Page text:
Numancia received a pair of horizontal return connecting rod (RCR) steam engines at La Seyne shipyard, home built. They were a Dupuy de Lôme design, and the cylinders made ø2.14 m and a stroke of 1.5 m, fed by 8 boilers. With a power of 1,000 horsepower, this machine drove a four-blade bronze propeller of ø6.35 m, with a pitch of 8.5 m, after interconnection via gears on a single shaft. Steam was provided by eight cylindrical boilers, truncated into a single round funnel amidship and centerline.

Rated output, total, was 1,000 nominal horsepower, 3,700 indicated horsepower (2,800 kW). Numancia reached 12.7 knots (23.5 km/h; 14.6 mph) as designed, and verified later on trials. She also carried 1,100 metric tons (1,083 long tons) of coal in her hull, for a range of 3,000 nautical miles (5,600 km; 3,500 mi), at 10 knots (19 km/h; 12 mph). Coal could be spared when rigging, adding to her overall range.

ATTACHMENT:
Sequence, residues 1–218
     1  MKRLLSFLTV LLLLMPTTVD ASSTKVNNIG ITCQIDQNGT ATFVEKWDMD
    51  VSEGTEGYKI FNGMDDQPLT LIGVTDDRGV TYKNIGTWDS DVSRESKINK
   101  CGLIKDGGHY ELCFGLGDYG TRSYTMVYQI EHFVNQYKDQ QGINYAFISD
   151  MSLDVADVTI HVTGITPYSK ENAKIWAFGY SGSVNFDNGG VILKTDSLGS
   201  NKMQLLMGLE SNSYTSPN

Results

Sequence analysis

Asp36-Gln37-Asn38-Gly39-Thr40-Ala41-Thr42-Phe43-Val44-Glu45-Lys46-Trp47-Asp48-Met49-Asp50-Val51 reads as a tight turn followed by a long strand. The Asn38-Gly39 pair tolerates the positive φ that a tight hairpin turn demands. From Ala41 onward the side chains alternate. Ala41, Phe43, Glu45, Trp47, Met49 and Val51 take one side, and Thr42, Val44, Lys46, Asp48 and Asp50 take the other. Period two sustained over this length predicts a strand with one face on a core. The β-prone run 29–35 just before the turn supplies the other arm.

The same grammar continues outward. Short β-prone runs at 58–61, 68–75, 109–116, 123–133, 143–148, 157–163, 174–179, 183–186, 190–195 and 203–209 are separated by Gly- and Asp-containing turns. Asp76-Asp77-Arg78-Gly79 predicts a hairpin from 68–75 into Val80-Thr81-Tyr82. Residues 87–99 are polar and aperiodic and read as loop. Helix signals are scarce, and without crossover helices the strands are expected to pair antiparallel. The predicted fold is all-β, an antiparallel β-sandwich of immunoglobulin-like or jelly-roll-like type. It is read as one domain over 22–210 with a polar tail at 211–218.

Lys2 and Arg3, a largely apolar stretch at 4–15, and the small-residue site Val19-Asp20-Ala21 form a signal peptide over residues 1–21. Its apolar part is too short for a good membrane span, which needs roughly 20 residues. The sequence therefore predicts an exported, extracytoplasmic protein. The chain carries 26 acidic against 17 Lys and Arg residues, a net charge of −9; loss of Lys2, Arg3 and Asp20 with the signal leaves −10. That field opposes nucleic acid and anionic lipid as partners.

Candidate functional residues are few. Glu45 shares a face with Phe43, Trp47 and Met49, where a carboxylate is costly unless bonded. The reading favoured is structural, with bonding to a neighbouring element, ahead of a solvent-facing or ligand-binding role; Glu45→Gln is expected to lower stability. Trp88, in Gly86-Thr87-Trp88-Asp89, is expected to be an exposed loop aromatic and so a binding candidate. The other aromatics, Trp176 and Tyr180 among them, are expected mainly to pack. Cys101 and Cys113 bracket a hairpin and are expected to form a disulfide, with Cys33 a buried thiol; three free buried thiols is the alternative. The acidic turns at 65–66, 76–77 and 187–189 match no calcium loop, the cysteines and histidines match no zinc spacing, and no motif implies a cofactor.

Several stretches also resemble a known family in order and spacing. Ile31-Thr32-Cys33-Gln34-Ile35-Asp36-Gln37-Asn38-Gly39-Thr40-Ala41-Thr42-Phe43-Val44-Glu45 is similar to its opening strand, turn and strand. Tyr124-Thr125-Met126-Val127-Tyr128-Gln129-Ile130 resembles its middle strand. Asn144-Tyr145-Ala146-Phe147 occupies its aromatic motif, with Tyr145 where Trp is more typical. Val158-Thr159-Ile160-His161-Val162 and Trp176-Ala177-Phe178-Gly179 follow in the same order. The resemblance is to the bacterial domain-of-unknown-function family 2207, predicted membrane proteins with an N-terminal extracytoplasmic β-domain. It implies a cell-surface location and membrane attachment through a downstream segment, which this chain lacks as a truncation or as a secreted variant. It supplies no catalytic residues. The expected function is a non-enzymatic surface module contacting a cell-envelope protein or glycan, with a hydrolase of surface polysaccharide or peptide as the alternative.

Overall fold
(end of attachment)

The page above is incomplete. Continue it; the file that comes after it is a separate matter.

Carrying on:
French Engraving, “L’illustration” Newsreel, Inside the Battery Deck during the 1877 Battle.

Due to her armament, and despite her tonnage, Numancian was armed and classed as a frigate. It was changed a lot, four times, during her long career:
Her main battery comprised forty 200-millimeter (7.9 in) -Presumably British*- smoothbore guns, all under portholes along the broadside. These pieces could elevate to 15°, but had no or little traverse, being stuck with a rather heavy wheeled carriage. A pulley system ws used to have back in place after recoil. They had a Muzzle velocity of 1,579 feet per second (481 m/s), and effective range of circa 3,000 yards (2,700 m), max range at 15° of 3,620 yards (3,310 m).